Tuesday, May 18, 2010

Colman Park

Colman Park May 2010 Lonicera ciliosa

Colman Park May 2010 Lake Washington Boulevard S from the p-patch

Colman Park May 2010 Lysichiton americanum in the muddy pond

Colman Park P-Patch September 2012 Borago officinalis

Colman Park May 2010 path from the p-patch to 31st Avenue S

I think Colman Park in Seattle is the most beautiful of a string of parks along Lake Washington Boulevard.  These parks were created in 1907 (along with the boulevard itself) by Olmsted Brothers, a landscape architecture firm based in Massachusetts.  Their father, Frederick Law Olmsted, had designed Central Park in New York City & Golden Gate Park in San Francisco.  Olmsted Brothers also designed Volunteer Park & Washington Park Arboretum in Seattle.  Seattle Parks & Recreation touts their 'Olmsted Legacy.'  These parks fill ravines along Lake Washington.  From south to north they are Mount Baker Park, Colman Park, Frink Park, Leschi Park & Madrona Park.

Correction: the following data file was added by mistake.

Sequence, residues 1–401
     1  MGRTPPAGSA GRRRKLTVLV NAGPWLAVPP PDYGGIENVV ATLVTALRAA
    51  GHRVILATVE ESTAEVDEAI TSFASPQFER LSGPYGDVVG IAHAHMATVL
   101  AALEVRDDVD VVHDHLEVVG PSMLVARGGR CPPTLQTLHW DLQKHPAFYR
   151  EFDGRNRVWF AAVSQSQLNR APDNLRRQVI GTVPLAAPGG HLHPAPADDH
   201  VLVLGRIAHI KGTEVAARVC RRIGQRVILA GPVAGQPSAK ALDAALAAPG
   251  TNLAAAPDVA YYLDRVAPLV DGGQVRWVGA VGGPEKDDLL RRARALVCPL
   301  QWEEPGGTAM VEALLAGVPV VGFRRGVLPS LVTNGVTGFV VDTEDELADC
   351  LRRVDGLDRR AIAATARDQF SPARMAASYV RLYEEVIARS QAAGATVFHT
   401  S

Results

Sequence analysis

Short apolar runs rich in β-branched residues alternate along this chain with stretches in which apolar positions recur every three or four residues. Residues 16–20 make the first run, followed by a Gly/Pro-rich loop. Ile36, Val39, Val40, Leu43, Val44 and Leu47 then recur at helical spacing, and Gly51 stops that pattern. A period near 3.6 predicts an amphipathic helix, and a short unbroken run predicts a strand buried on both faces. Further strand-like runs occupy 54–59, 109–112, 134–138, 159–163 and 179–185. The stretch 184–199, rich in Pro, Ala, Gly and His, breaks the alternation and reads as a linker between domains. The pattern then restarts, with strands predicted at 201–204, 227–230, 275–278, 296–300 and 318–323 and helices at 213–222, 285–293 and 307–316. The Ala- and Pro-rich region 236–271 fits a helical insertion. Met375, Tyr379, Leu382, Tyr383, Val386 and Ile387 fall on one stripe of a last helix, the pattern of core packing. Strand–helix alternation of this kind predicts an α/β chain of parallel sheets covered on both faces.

Colman Park begins at Lake Washington Boulevard, with parking & benches on the lakeshore.  Pass through 2 period tunnels to ascend the ravine, which is densely filled with native plants.  Midway, you see Lake Washington Boulevard again as it winds through the park.  Here is an expansive lawn that creates a charming & secluded forest glen.  There is very little traffic on this bit of the boulevard.  Skirt the boulevard, then climb an old staircase to cross beneath the boulevard as it snakes back across the ravine on its serpentine path.

Now you are in the upper section of the park, mostly taken up by the Colman Park P-Patch.  Before you climb the terraced gardens, stop to look in the muddy pond, under the trees, in the southeast corner.  You could see a frog.  This picturesque p-patch is enclosed by trees except for the view down the leafy ravine.  Take the steep path, then stairs from the top of the p-patch to 31st Avenue S.  This is a steep climb.  But it is worth the effort to visit Bradner Gardens Park, at 29th Avenue S & S Grand St, 1 block north, 2 blocks west.  Click here to read about more parks along Lake Washington Boulevard.

No comments: